A new product by Fairphone: fully repairable headphones

Fairphone just released fully repairable wireless headphones:

There’s already plenty of initial reviews published, generally positive, some more than others:

In my opinion, the key aspect is that once again Fairphone demonstrates that products can be designed in a way to make repair super easy - having a battery replacing feature super accessible, and very low-cost spare parts is a big achievement.

On the other hand, some reviewers are not fully convinced about the audio quality for a product costing €249/£219. They’re definitely not for everyone, to say the least! My current wireless noise-cancelling second-hand headphones cost approximately a third of that…although I’m sure I won’t be happy when eventually the battery will need to be replaced…
Lastly, and this is why we at Restart don’t endorse products, it’s not clear how long will spare parts be provided for.
In any case, hopefully this product will inspire more manufacturers and designers to make user-repairable products much more common in the future.

What do you you think?


This is great to see! I think the fact they’re getting decent coverage is really significant, and perhaps the thing that could put most pressure on other manufacturers to prioritise repairability :crossed_fingers:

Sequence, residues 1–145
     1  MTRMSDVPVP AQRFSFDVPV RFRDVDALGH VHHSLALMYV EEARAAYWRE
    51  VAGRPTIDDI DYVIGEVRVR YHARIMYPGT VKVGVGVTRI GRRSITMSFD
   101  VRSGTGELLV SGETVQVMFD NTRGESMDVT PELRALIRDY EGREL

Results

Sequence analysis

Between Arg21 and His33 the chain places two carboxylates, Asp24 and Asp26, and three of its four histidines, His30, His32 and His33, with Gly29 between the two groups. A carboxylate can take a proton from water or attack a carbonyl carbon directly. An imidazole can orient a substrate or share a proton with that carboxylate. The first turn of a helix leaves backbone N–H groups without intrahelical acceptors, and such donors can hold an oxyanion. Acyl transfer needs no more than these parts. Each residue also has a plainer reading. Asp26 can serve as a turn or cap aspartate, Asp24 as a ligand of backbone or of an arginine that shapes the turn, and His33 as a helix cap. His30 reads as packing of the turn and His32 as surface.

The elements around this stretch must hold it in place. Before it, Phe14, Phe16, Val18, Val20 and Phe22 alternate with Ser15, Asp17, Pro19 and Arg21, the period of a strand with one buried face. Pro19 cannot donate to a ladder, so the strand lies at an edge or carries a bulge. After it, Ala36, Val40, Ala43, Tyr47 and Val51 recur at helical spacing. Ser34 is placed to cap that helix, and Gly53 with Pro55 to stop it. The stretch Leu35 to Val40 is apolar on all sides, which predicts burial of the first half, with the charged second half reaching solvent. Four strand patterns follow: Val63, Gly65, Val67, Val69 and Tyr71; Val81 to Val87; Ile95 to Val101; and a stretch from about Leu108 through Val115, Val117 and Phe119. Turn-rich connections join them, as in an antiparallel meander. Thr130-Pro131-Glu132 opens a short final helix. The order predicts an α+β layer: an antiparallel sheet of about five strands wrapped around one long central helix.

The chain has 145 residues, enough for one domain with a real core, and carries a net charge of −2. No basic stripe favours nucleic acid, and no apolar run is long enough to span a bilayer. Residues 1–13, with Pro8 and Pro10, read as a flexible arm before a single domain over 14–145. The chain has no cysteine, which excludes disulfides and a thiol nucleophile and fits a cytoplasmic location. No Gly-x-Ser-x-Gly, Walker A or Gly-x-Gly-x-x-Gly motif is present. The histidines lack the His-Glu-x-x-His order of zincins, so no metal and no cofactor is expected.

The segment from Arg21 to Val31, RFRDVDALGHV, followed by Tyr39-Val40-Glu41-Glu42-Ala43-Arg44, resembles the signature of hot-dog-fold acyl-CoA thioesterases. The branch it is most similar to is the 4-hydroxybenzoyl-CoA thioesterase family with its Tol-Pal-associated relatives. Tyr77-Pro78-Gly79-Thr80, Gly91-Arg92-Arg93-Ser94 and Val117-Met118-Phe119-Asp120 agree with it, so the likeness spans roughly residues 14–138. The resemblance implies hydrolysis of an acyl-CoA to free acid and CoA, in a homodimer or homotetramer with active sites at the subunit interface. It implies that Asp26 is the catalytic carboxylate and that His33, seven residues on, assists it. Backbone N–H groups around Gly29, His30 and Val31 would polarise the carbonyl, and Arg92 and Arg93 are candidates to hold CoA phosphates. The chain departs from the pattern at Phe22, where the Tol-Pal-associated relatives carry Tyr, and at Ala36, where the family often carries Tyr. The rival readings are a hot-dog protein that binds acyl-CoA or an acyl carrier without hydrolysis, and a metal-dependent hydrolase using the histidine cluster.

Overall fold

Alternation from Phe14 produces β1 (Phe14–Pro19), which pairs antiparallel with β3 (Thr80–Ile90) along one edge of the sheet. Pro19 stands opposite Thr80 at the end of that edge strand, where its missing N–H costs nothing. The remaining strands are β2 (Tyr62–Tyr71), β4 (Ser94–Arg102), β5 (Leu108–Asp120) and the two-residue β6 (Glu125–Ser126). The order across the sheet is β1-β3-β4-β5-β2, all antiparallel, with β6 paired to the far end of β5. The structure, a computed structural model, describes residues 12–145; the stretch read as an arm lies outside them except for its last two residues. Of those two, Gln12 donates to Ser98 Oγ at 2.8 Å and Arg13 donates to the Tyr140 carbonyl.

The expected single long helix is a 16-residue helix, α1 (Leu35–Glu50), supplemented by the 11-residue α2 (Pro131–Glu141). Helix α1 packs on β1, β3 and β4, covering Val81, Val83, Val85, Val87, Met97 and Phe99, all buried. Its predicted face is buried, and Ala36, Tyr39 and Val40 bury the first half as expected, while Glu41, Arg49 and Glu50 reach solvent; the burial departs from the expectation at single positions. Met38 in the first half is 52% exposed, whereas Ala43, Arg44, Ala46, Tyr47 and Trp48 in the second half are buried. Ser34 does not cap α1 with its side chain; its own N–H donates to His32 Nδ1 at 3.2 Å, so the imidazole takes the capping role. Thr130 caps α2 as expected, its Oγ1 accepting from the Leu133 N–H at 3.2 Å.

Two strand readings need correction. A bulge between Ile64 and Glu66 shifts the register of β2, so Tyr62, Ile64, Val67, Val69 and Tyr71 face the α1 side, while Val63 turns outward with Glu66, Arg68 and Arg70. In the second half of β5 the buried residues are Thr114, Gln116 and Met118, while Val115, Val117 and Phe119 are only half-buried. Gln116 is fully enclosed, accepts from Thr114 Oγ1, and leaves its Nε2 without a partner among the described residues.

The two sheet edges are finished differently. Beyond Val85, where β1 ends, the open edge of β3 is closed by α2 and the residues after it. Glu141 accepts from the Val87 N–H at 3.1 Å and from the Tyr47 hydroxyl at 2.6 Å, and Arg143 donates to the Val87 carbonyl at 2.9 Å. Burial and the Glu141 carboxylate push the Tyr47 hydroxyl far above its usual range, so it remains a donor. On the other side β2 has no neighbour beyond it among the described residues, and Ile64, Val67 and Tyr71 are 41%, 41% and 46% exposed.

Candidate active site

For the last few years I’ve been using (wired) AIAIAI TMA-2s, which I chose because I wanted a decent-sounding pair of headphones that are also modular and highly repairable (they also offer some repair guides).

But it looks like Fairphone have leap-frogged AIAIAI here when it comes to repairability of wireless (i.e. battery-powered) headphones. Fully agreed that making battery replacement so easy is an important step forward!


A review in the wild, which on the downside mentions an issue with Linux support (on Fedora, at least), but a big plus that it sounds like the firmware on the headphones can be easily updated, which hopefully bodes well for longevity.

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I don’t think it will directly inspire the behaviour of other manufacturers, but I still think it is a vital part of an overall strategy that will, as a really-existing example of what is possible. Something we can point at and say: see!

I was reading the book Platform Socialism recently, and liked a three-pronged approach that it outlined for making change: resist (actively do the opposite of what current structures let you), regulate (push for legislation to change those structures) and recode (build alternatives in the meantime).

Things like Fairphone and Framework are recoding. The R2R campaign is pushing for regulation. Buying second-hand, repairing things even when they’re not designed to be, is resisting. All combined together they make a difference.